Abbott and Hester

4 April 2024

Abbott and Hester

Not at all fair.

By John Watson

Photo of John Watson

I have no sympathy for the politics of Diane Abbott and nor, I think, do those who run the Labour party. That is presumably why they used the comments she made in a letter she wrote to the Observer as grounds for her suspension from the party. But before jumping onto a platform shouting “Good Riddance to Bad Rubbish” and generally behaving as if I wrote for some Left Wing rag, it might be worth thinking a bit about her offence.

In response to an article in which it was argued that Irish, Jews and Travellers all experienced racism she distinguished between the prejudice they suffered and real racism as follows:

“ It is true that many types of white people with points of difference, such as redheads, can experience this prejudice. But they are not all their lives subject to racism. In pre-civil rights America, Irish people, Jewish people and Travellers were not required to sit at the back of the bus. In apartheid South Africa, these groups were allowed to vote. And at the height of slavery, there were no white-seeming people manacled on the slave ships.”

Leaving aside foolish semantic points on the definition of “racist” then, it comes down to this. Ms Abbott put forward the view that there are different grades of racism, suffered differently by different communities and in that of course she was right. The prejudice against Jews in London is quite different from the prejudice against black people and indeed the difference depends on the part of London you are talking about. I do not suppose that Jews suffer much prejudice in Golders Green, certainly they do not seem to do so in the City. No doubt there are communities where other groups are well accepted but Jews are not. It would be a miracle if that were not the case. Where Ms Abbott’s view miscarries is in its assumption that prejudice against black people is always worse. That simplification, which no doubt reflects her own background, can hardly be right.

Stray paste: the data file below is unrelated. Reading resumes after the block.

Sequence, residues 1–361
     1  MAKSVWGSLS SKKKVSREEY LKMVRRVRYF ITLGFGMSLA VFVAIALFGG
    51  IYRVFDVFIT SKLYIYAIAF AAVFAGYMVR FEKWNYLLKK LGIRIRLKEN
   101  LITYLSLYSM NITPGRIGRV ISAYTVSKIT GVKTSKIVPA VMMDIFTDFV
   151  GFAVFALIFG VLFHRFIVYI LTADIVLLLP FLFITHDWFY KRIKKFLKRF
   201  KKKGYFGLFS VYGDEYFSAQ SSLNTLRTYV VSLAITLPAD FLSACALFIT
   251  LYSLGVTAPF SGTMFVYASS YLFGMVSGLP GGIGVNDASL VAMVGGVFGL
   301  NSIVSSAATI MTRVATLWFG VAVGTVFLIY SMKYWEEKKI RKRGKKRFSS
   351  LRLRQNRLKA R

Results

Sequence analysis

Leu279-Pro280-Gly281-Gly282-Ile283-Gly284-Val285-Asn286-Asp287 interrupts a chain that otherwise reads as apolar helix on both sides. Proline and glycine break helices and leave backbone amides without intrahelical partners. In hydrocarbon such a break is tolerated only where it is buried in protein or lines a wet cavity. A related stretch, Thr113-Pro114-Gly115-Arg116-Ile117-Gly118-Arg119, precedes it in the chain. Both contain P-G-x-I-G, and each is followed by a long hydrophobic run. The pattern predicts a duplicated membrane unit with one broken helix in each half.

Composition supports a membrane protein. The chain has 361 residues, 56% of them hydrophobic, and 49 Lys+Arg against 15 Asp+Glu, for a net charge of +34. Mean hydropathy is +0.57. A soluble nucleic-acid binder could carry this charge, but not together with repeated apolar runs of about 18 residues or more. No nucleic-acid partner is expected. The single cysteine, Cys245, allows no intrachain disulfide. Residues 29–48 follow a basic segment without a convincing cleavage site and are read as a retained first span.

But, so what. Her analysis was not well thought through, but does that mean that her letter was designed to stir up racial hatred in the community or demonstrated a prejudice against the Jews, Irish or Travellers? Of course it does not. It was just rather a loose piece of logic, that is all, and the answer to it is to challenge it, not to expel the author. “Play the ball not the man”, has relevance outside football.

But oh no, her political enemies rushed off to their corners chortling “We have got her, we have got her”, the spittle of malice running down their chins. And so they had, in the febrile state of British politics where a loose piece of argument puts someone beyond the pale regardless of whether they are themselves prejudiced or not.

It is odd, when you think about it, that a society which attaches so much importance to what is racist should through aggressive bigotry make it impossible to discuss that very issue without being attacked. Still, we should not be too hard. Among the pundits, the academics and the journalists there are many who make their living by attacking those whose arguments stray over some arbitrary line and, come what may, these pundits, academics and journalists must be fed.

Move on then to Conservative donor Frank Hester who said in a meeting in 2019 that Ms Abbott made him “want to hate all black women” and that she “should be shot”. Very rude indeed and not perhaps the words of a gentleman, but those screeching “racism” are again miles from the point. Mr Hester clearly hates Ms Abbott but there is nothing in his words to indicate that he hates black women; yet that has not stopped the anti-racism hysterics from raising the hue and cry. Read the words, you tossers, read the words!

The current enthusiasm for branding everything as racism will not last forever but two things would help to correct it. The first would be for those wrongly accused of racism to stand up for themselves rather than apologising. Hester did better than Abbott here but no doubt the pressures were different. The second is for those who have been wrongly fingered to stand together. Abbott is on record as having reported Hester’s comments to the police. Silly woman. Perhaps she deserved what happened to her.

Cover page image: flickr / creative commons

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